Here we are with another intense weekend to add to the pile of 7-day work weeks.
Washington Emperor Barney Frank says “Follow me.” He looks around and no one is there. Result: blame someone else. So he points fingers and seeks scapegoats.
Did he mention he added 4.2 basis points to the Fannie-Freddie bailout for his pet projects? Did he say he controlled the bill in his committee so that his projects would be paid regardless of profit or loss in the revitalized FF? Did he mention that he and Chris Dodd also have the profits from this $700-billion plan headed for his special project funds and not to the US Treasury or the taxpayers? No.
The Emperor would not remove his clothes to show us these warts.
CNN (last night) removed some outer garments when it reported the amount of campaign contributions Frank has received from the financial related industries is $2.5 million. His Senate Counterpart, Chris Dodd, was listed at $13 million. These Emperors have some very fine clothes. You and I are the ones who will ultimately pay for them.
This is Washington, where Emperors fiddle while the rest of us burn. When the music stops briefly they engage in Pontificatus Interruptus and then resume the closed-door negotiations.
Transparency? Fuhgedaboudit! We don’t have any. Markets know it. That is why in London on Friday the British pound denominated credit default swap on the United States traded higher than the one on McDonalds. That is why some money market funds on Friday would not tell their customers if they were going to “break the buck” or not.
Credit markets are seized and they are waiting. That is why we are going to get a $700-billion deal.
It will function as a way to replace or infuse capital into the banking system. The system is $200 billion short right now if you take losses to date and subtract capital raised to date. So the $700 makes up for the $200 billion shortage and adds another $500 billion, which is sorely needed. It will be consumed by more recognition of losses. That may seem circular. It is, but that is what we are going to get as a policy. $700 billion may not be enough in the end, but we are now getting closer to the correct number if we add it to the rest of the federal initiatives. We are well over $2 trillion now.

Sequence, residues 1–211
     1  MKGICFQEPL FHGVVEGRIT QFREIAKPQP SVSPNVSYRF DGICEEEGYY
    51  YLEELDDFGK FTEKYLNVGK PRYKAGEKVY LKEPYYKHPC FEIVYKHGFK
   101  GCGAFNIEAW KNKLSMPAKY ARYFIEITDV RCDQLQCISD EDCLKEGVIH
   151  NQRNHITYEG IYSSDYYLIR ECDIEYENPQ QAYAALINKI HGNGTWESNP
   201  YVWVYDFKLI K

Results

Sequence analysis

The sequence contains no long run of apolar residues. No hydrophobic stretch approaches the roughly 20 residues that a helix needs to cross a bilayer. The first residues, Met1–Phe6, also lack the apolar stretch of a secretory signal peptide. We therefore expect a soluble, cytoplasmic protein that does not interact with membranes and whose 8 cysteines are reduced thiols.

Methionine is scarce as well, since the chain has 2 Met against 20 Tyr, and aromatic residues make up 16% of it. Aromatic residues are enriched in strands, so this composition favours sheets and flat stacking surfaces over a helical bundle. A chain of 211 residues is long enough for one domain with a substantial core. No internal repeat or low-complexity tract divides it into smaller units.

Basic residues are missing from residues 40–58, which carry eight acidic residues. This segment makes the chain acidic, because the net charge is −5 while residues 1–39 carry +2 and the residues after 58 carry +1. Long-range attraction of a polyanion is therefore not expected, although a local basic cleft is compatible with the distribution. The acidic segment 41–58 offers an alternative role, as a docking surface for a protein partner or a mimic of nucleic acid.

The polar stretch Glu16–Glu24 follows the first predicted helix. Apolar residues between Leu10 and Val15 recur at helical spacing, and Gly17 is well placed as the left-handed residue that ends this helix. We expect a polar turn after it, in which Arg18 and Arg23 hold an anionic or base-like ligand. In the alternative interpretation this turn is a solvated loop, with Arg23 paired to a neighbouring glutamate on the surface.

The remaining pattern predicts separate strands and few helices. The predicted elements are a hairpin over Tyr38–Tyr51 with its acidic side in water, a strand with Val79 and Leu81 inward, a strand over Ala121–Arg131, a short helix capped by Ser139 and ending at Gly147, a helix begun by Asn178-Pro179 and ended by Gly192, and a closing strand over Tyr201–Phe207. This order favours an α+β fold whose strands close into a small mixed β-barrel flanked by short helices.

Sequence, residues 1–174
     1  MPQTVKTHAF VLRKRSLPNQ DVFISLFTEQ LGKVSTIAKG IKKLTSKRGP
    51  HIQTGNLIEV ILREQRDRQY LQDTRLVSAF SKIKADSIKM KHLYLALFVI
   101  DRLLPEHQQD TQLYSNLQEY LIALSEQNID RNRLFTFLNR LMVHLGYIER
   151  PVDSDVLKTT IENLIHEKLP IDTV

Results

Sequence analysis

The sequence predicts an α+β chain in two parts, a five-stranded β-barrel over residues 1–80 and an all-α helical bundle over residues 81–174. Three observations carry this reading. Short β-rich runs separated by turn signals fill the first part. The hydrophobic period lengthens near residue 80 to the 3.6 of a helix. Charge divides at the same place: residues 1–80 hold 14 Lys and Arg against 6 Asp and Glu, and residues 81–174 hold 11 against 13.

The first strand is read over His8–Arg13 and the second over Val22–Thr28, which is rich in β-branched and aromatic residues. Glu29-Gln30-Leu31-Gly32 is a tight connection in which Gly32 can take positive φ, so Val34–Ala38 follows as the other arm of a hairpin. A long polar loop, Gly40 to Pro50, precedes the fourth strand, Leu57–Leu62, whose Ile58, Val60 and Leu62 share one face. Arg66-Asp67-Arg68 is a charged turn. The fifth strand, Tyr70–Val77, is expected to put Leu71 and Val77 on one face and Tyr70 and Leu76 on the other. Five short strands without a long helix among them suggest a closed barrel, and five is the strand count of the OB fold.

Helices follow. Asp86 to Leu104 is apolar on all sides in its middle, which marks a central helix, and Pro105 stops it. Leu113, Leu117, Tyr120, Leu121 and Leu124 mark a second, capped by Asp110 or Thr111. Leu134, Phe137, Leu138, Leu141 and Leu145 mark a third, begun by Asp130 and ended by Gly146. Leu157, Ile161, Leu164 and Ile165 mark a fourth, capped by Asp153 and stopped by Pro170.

Yes, indeed, there will be a $700-billion deal. It will have lots of things wrong with it but it will become law. Perhaps it will have a 9/11 type commission of independent and bi-partisan folks who will drill into the forensics on Bear Stearns and Lehman. Some Congressmen are trying to get that into the law right now while the iron is hot.
Meanwhile the Fed is engaged in a massive, startling, and extraordinary use of its powers and redeployment of its balance sheet. Several hundred billion of high-powered money has been injected worldwide this week in an attempt to blunt the contraction of the credit multiplier. This is a partial amount of the price we all will pay for the failure of Lehman, a primary dealer. That is the most tragic and awful policy mistake made so far in this two-year period of turmoil.
We track the Fed closely at Cumberland and try to make all this easily understood for our readers. See www.cumber.com for the latest graphic. We must caution that changes are coming so fast now that we are in a constant struggle to keep things current for our readers. We think we have most of it current after the Thursday afternoon reserve report. We are trying. Readers are invited to email me if they see an error.
Adding several hundred billion in raw cash by the central bank is normally an inflationary event. But when the credit multiplier is shrinking faster than the money is added, the result is not inflationary. In fact, if the Fed didn’t do this the result would be deflationary in the style that we saw for a decade in Japan. Bernanke will use all the power of the central bank to avoid a Japan experience. Of that we can be assured.
The problem will come in the future, when it is time to start extracting policy from this stimulus. That is not for 2008 and may start in 2009 if the economic indicators begin to stabilize. We will deal with that later.
As Bill Dudley, the NY-based Fed officer who supervises the System Open Market Account described it, “we are in interesting times.”